This accusation always seems to win a deal of support, but it is, of course, at best a half truth and at worst a deliberate misrepresentation. In a world which continually bombards us (largely under the influence of commercial advertising) with explicit sexual images and references of a most unsubliminal kind, the Church, far from being obsessed with sex, is merely having to deal with society's rejection of traditional Christian restraints.
Here is the Church of England's response to the Home Office Consultation; below are the express concerns as to the legal status of a possible opt-out by the Church:
21. Even if they did, it must be very doubtful whether they could withstand a human rights law challenge. Whereas the European Court of Human Rights has upheld the right of states to retain marriage as the union between a man and a woman it seems extremely doubtful that it would uphold the right of a state to retain gender inequality in civil partnerships once the state had legislated for ‗equal marriage‘. We say more about this in the Annex to this paper and should be interested to see the Government‘s legal analysis of this issue.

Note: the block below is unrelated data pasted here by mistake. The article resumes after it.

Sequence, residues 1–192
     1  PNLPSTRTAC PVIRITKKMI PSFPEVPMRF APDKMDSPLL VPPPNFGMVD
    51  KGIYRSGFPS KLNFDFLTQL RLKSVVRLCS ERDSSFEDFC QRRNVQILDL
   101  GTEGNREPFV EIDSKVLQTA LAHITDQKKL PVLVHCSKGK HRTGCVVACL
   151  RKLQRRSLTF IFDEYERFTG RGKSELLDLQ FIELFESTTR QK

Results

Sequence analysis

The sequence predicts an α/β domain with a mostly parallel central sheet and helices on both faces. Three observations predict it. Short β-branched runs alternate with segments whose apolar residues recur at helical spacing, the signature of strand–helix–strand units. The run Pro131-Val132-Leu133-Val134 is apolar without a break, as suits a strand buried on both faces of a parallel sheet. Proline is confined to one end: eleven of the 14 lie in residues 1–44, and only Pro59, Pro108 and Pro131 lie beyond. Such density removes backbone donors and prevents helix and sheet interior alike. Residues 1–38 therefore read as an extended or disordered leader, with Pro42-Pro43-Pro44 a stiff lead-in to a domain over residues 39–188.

22. Given that Parliament has already legislated to enable civil partnerships to be registered in religious premises where the relevant religious authority has so agreed (paras. 24 and 25), some rationale is needed for the current proposal to preclude same-sex marriages from being solemnised in religious premises on exactly the same terms. This appears to be a consequence of the fallacious assumption that ―religious‖ and ―civil‖ marriages are distinct. We do not believe that the current proposal would in fact prove tenable.